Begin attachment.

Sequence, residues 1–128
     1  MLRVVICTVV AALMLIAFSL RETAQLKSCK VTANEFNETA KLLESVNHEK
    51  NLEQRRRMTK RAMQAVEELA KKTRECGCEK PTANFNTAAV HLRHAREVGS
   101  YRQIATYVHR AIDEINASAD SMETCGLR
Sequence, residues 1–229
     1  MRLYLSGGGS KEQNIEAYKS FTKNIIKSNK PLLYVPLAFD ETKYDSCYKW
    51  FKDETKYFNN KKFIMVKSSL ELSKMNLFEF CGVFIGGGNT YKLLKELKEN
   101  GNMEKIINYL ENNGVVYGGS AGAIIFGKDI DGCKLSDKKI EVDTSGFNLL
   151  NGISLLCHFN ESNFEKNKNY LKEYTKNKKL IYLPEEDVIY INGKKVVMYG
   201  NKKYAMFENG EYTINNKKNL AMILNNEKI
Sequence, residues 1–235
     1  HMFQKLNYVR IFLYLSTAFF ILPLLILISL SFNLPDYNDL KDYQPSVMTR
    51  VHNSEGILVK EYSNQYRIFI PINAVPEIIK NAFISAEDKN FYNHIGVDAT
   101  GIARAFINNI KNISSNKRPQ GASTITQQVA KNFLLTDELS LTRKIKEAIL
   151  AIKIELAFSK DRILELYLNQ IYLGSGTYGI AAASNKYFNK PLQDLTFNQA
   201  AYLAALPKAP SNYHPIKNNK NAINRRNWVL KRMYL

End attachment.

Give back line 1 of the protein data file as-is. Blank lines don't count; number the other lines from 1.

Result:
Sequence, residues 1–128